Animal associations

War in Ukraine: animal shelters struggle to cope with a wave of abandoned animals

The cacophony of anger and despair coming from the cages of this animal shelter in Lviv is perhaps an apt metaphor for how Ukrainians feel 50 days after Russia invaded the country.

The center in western Ukraine is on the front line to help care for pets abandoned during the war.

Whether their owners were killed in the conflict or forced to flee — as of April 15, 4.7 million Ukrainian refugees have left the country — the abandoned animals flock.

“Some animals are in very poor condition,” Natalia Tyrko, a volunteer at the shelter, told Euronews. “Some have not eaten for a long time and many are stressed by what they have witnessed. Some of them bite and scratch each other. We will try to help.

The center – which used to be a wildlife shelter – provides medical care for pets and volunteers try to calm their nerves.

Natalia said the shelter has already helped 800 dogs and cats. Some are sent to Poland, she says, while others are adopted locally in Lviv if the center is unable to trace the owners.

“We do everything we can”

New cages are being built to cope with the influx – on the day of Euronews’ visit, 28 dogs are expected to arrive from the capital kyiv.

During the interview with Natalia, the dogs start fighting in a cage and the staff have to separate them.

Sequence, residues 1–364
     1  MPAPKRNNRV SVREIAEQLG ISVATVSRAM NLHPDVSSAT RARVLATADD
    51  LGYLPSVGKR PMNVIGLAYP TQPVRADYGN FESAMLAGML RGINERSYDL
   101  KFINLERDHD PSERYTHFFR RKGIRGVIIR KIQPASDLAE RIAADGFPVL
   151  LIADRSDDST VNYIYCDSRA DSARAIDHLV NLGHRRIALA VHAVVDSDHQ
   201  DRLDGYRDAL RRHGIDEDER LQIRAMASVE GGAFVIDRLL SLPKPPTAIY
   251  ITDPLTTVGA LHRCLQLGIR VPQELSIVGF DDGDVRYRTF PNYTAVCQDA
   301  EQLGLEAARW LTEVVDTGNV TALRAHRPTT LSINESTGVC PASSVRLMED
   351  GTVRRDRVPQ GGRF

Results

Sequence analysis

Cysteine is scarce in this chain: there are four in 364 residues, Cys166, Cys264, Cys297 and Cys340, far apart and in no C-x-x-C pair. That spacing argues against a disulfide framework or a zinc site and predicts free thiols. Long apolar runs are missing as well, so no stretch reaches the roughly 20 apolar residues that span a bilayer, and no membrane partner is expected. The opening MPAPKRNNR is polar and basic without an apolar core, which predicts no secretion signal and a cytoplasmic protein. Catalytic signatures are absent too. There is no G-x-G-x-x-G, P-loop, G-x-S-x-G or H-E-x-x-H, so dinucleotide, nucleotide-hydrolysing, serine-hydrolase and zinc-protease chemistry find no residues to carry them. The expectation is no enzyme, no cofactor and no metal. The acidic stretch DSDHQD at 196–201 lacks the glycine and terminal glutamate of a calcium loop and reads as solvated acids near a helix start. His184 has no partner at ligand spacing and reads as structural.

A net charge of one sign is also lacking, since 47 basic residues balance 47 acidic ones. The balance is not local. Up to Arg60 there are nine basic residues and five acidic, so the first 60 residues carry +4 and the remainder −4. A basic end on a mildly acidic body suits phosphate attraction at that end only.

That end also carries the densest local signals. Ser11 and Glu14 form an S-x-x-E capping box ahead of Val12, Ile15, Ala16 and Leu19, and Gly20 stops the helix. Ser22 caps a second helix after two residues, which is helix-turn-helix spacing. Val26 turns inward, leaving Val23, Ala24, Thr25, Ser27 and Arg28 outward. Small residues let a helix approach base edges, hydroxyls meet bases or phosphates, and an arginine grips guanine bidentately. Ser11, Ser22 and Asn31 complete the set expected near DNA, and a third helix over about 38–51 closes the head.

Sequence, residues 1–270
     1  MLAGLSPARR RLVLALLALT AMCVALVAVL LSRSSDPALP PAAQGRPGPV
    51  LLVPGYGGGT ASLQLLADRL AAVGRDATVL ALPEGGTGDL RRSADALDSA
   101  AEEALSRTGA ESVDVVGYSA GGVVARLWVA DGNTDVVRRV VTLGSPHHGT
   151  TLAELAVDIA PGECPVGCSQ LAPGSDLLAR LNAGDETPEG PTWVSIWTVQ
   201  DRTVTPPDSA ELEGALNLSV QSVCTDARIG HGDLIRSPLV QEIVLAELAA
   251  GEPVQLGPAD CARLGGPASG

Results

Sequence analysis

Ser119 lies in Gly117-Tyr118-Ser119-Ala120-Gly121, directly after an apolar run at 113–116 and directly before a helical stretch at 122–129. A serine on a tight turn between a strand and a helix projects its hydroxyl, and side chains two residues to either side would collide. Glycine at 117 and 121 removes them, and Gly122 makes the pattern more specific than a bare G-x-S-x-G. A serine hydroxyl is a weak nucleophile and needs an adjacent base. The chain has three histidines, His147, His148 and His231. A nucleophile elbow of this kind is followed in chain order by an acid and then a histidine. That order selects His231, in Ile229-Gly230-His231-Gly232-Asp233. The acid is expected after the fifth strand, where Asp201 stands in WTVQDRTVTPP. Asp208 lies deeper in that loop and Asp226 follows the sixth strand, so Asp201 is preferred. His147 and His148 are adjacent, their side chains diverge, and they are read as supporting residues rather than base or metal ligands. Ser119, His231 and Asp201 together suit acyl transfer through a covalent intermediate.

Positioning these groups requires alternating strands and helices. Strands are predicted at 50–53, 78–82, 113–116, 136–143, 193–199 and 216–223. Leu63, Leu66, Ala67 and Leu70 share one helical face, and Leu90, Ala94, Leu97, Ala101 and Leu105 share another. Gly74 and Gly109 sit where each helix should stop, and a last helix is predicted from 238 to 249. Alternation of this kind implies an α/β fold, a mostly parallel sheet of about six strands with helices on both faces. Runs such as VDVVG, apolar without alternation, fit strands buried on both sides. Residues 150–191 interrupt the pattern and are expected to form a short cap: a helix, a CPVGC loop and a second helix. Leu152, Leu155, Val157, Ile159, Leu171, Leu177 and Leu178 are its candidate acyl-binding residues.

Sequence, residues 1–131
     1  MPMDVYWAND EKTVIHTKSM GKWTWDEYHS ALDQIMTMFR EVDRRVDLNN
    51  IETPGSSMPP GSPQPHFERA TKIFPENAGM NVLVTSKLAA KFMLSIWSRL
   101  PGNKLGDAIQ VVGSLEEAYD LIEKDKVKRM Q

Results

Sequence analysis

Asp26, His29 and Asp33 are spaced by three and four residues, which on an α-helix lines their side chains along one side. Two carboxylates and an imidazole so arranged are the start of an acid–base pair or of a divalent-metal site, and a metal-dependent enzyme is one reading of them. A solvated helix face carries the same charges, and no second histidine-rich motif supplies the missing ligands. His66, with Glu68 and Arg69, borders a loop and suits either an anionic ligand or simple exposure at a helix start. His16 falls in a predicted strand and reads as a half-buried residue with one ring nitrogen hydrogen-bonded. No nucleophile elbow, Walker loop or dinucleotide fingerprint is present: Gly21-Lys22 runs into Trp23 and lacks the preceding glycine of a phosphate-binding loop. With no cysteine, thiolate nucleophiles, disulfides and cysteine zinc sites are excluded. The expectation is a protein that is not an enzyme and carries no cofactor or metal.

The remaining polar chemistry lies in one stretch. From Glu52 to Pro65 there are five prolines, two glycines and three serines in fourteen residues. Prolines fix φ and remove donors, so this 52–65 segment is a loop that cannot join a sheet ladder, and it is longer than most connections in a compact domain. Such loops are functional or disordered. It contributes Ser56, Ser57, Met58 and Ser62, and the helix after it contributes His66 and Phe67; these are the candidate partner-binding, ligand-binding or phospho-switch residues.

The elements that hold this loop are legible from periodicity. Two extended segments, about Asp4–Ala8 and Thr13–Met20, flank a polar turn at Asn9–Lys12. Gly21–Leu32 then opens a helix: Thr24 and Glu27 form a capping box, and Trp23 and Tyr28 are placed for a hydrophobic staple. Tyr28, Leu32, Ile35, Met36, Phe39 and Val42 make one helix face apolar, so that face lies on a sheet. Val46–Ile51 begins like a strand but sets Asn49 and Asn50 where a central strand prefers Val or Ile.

Almost all the volunteers have scratches and bite marks on their hands and arms from handling the animals.

“A lot of animals come here because the owners don’t want to deal with the problems when they cross the border into Poland,” Natalia said. “Maybe they have to live in a small apartment and don’t want or can’t have the animals there.”

A dog from Irpin – a kyiv suburb where the fighting has been particularly intense – is having a hard time, says Natalia.

She says he spends most of his time inside a doghouse. A local volunteer tries to calm his nerves by reading books to him from time to time.

“We are doing everything we can,” Natalia said. “But we need more help. We get all our food and medicine from organizations and we need everything.

“Wounded and Sick”

There are no official figures on the number of homeless pets since the Russian invasion. However, the internet has been flooded with photos of people helping pets out of the rubble of destroyed buildings and being evacuated by car from the front lines.

There is also a government shelter in Lviv, where 34 dogs and 11 cats are currently housed.

Director Alina Raspopova told Euronews that many are in poor condition after living on the streets. She claims that they are able to trace the owners in about three-quarters of the cases.

“Some are injured and sick when they come here,” she said. “They normally spend 21 days here, but it all depends. We do what we can to help them physically and psychologically.

They have a clinic, where dogs and cats are cared for. If they cannot find the owners and no one adopts them, they are sent back to the streets, where they were found.